Crosby Garrett Roman helmet attracts 20,000 visitors

Crosby Garrett helmet The "discovery of a lifetime" was sold for £2.2m in 2010 at Christie's auction house in London

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A rare Roman helmet has helped attract more than 20,000 people to a museum in Carlisle.

Tullie House bosses hailed the impact of the "iconic" piece as its three-month display comes to an end.

Visitor numbers have been three times higher than for the same period last year, the museum said.

The Crosby Garrett helmet was named after the village near Penrith where it was discovered in May 2010 by metal detector enthusiasts.

The helmet sold for £2.2m at auction to a private bidder, who allowed it to go on show.

'National treasure'

Andrew Mackay, head of collections and programming, said Cumbrian people had a "direct relationship" with it because of where it was found.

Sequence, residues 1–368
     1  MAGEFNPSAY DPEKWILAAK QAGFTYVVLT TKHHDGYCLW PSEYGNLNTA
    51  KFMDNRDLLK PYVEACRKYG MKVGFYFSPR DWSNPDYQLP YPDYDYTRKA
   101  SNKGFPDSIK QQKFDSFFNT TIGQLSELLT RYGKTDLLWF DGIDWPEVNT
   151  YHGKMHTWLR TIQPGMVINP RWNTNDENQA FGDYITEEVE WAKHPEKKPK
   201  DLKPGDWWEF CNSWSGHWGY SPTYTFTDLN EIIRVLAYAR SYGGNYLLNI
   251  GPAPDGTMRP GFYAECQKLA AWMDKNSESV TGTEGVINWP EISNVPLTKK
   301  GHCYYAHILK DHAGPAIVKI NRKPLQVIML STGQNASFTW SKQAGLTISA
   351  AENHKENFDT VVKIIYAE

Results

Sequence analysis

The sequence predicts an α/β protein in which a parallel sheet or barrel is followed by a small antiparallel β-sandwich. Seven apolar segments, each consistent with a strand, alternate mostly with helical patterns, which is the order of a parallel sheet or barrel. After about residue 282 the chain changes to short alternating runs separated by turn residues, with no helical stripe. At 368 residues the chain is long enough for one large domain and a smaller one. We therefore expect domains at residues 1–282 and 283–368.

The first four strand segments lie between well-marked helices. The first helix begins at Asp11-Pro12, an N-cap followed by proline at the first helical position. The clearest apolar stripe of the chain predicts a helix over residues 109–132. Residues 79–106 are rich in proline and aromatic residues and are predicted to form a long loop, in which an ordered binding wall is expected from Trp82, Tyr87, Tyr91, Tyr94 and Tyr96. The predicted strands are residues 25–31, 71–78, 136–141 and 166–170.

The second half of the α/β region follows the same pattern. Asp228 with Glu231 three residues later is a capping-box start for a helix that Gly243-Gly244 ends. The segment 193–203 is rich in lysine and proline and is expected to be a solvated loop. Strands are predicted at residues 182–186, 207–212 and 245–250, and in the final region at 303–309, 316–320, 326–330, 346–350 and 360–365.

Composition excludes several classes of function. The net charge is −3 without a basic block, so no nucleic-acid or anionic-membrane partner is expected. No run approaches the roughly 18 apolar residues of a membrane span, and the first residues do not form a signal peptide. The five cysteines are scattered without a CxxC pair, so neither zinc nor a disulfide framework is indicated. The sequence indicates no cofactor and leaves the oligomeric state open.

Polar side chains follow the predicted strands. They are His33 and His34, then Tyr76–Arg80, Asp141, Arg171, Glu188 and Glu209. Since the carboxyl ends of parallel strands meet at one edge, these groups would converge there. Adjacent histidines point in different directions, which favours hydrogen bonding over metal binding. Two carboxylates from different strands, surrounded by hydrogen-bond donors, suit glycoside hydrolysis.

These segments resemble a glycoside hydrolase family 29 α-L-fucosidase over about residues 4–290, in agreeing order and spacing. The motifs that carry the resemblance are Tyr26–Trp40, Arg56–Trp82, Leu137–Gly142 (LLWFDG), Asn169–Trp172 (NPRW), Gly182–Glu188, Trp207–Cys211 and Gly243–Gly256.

He said: "It's such an iconic object. People have really appreciated seeing a national treasure in Carlisle.

"It's been a fabulous three months. It's blown away all expectations, it's been a delight to be able to show it."

The museum had attempted to buy the helmet when it was auctioned.

It is believed to be one of only three of its kind found in Britain. Experts said it is "remarkable" because it its state of preservation.

Dating from the mid-1st to the 2nd Century AD, it would have been worn, possibly with colourful streamers attached, as a mark of excellence by Roman soldiers at sport parades.

The helmet will now return to the British Museum in London where it had been on show before being loaned to Tullie House following months of negotiations.

Mr Mackay said the museum would like to bring the helmet back, possibly in two or three years.

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